References should be individuals who have known you for several years, have visited your home, and know of your interest in and involvement with children.

Most agencies state that references must be people unrelated to you. Some good choices include close friends, an employer, or leader of your faith community.

The Home Study Report

The above steps will usually conclude with the writing of a home study report that shows the social worker’s findings. Home study reports are often used to assist in matching your family with a waiting child.

Home study reports generally include all the above-mentioned topics with any or all of the following types of information:

  • Family background. Descriptions of the prospective parents’ childhoods, past and current relationships with parents and siblings, and any important events and losses.
  • Education/employment. Prospective parents’ current educational level, and any plans to further their education, as well as their employment status, history, and plans.
  • Relationships. If the prospective parents are a couple, the report may cover their history and their current relationship. If the prospective applicant is single, there will be information about their social life, as well as information about their network of relatives and friends.
  • Daily life. A typical weekday or weekend, plans for child care (if prospective parents work outside the home), hobbies, and interests.
  • Parenting. Prospective parents’ past experiences with children and their plans regarding discipline and other parenting issues.
  • Neighborhood. Description of the prospective parents’ neighborhood.
  • Religion. Information about the prospective parents’ religion, level of religious practice, and what kind of religious upbringing (if any) they plan to provide for the child.
  • Approval/recommendation. The home study report will conclude with a summary and the social worker’s recommendation. This often includes the age range and number of children for which the family is recommended.

Prospective parents will also be asked to provide copies of any applicable birth certificates, marriage licenses, and divorce decrees. If it is a concern of yours, you may want to ask the agency about the confidentiality of the home study report and to what extent your information will be shared. Agency policies vary, depending on the type of agency and type of adoption. In some cases, the information may also be shared with birth parents or others.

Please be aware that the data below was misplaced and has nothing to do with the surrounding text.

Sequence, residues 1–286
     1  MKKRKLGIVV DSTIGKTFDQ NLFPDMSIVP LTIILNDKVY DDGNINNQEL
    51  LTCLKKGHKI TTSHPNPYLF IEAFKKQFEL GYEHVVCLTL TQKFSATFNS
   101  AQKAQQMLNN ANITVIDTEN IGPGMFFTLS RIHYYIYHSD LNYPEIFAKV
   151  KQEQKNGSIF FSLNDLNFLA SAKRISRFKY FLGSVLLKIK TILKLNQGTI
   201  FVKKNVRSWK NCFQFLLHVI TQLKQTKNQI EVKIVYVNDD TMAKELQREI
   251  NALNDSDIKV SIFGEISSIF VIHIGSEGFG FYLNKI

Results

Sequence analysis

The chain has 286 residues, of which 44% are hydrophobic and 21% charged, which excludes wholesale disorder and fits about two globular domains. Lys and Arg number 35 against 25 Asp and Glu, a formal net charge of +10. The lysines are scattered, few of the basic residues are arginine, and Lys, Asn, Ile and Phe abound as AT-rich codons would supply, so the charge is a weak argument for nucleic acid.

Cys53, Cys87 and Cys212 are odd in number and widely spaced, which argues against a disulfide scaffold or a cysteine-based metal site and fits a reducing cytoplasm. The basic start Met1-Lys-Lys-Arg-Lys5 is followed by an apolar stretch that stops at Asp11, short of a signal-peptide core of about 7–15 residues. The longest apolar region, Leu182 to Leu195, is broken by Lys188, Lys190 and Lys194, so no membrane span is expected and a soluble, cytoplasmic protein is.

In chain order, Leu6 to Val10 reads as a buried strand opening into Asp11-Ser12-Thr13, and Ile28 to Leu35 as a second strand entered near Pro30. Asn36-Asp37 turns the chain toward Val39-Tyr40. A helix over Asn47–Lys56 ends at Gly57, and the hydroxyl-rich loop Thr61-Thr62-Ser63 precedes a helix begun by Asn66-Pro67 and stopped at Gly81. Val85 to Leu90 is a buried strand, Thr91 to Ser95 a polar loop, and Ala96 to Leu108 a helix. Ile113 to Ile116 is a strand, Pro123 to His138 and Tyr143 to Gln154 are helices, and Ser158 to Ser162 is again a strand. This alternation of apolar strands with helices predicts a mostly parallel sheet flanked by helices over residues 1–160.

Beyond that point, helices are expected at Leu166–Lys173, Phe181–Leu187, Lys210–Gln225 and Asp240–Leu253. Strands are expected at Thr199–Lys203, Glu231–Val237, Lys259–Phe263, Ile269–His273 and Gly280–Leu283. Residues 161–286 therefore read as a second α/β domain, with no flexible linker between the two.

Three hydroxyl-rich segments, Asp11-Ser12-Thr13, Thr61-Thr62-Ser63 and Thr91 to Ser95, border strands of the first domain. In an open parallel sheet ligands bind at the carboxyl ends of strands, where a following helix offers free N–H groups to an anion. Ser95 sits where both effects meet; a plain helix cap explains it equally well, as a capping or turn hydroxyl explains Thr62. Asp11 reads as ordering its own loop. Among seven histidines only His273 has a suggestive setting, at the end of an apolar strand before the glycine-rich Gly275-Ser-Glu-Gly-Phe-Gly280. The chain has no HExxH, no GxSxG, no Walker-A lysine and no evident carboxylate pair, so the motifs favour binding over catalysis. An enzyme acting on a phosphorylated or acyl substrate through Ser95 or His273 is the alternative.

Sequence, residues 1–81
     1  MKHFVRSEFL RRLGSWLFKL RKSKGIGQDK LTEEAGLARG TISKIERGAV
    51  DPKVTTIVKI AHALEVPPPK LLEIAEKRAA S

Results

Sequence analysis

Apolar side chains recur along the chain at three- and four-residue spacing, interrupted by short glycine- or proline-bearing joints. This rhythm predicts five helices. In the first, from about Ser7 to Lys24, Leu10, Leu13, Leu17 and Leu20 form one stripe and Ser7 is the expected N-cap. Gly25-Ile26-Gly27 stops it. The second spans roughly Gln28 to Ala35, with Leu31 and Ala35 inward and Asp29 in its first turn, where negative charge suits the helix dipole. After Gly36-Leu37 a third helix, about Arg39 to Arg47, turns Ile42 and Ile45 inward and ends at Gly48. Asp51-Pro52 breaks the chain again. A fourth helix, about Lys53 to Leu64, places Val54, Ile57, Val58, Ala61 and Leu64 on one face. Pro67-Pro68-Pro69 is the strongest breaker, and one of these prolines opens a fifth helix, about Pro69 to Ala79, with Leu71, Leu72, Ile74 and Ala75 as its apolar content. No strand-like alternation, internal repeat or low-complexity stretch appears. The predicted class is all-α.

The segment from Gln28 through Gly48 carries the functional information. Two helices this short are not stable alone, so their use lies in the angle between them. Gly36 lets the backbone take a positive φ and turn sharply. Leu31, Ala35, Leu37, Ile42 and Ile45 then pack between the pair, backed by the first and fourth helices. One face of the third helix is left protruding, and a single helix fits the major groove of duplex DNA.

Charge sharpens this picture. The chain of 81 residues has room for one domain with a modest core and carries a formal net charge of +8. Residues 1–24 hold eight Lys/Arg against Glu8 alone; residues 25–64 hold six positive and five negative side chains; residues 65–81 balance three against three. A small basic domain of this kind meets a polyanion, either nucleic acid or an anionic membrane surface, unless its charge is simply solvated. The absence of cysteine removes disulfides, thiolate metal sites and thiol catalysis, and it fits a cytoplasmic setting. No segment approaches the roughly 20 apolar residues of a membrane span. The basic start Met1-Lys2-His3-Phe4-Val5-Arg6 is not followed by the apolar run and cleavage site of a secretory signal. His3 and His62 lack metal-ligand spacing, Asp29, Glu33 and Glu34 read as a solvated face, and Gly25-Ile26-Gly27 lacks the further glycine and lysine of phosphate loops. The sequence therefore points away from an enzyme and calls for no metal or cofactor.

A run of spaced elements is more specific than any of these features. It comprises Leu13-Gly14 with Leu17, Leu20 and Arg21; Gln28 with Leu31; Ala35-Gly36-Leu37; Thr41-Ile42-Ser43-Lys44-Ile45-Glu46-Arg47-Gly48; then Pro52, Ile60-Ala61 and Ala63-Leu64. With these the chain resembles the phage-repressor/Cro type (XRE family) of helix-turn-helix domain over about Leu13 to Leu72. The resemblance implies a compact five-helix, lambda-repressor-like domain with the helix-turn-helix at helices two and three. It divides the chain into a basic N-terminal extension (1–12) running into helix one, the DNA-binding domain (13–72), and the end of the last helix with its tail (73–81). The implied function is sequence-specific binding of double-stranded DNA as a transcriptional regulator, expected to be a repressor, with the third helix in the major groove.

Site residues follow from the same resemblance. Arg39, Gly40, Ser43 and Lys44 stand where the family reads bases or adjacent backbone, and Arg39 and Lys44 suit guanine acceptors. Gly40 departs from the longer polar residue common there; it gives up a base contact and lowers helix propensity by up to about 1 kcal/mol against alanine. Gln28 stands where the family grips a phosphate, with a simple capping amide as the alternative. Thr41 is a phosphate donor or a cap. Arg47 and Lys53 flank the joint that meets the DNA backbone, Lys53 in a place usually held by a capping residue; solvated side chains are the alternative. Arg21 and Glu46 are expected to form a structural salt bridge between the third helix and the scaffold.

Common Concerns

How long will the home study take?

The length of time for the home study will vary from agency to agency. The home study process takes an average of 3 to 6 months to complete. You can help speed up the process by filling out your paperwork, scheduling your medical appointments, and gathering the required documents ahead of time.

How much does a home study cost?

For inter-country adoption, a private agency or certified social worker in private practice might charge from $1,000 to $3,000 for the home study. Other services (such as an application fee and pre-placement services) are sometimes included in this fee.

What might disqualify our family from adopting?

Aside from a criminal record or overriding safety concerns that would stop agencies from approving your family under your state’s laws or policies, it is difficult to say what would definitively disqualify a prospective parent from adopting.

Who may adopt varies from agency to agency, state to state, and by the child’s country of origin. Adoptions in the United States are governed by state law and regulations.

How will the children in our family be involved in the home study?

All children in your family will be included in the home study in some way. They might be asked to write a statement describing their feelings and preferences about having a new brother or sister, or, at the very least, will be interviewed by the agency or social worker.

The agency or social worker commonly asks questions such as how the children do in school, any interests or hobbies, what their friends are like, and how their behavior is rewarded or disciplined. However, the emphasis will be on how the children see a new sibling (or siblings) fitting into the family.

A child’s input is usually quite important in the overall assessment of a family’s readiness to adopt. The agency or social worker will want to make sure that an adopted child will be immediately wanted and loved by all family members.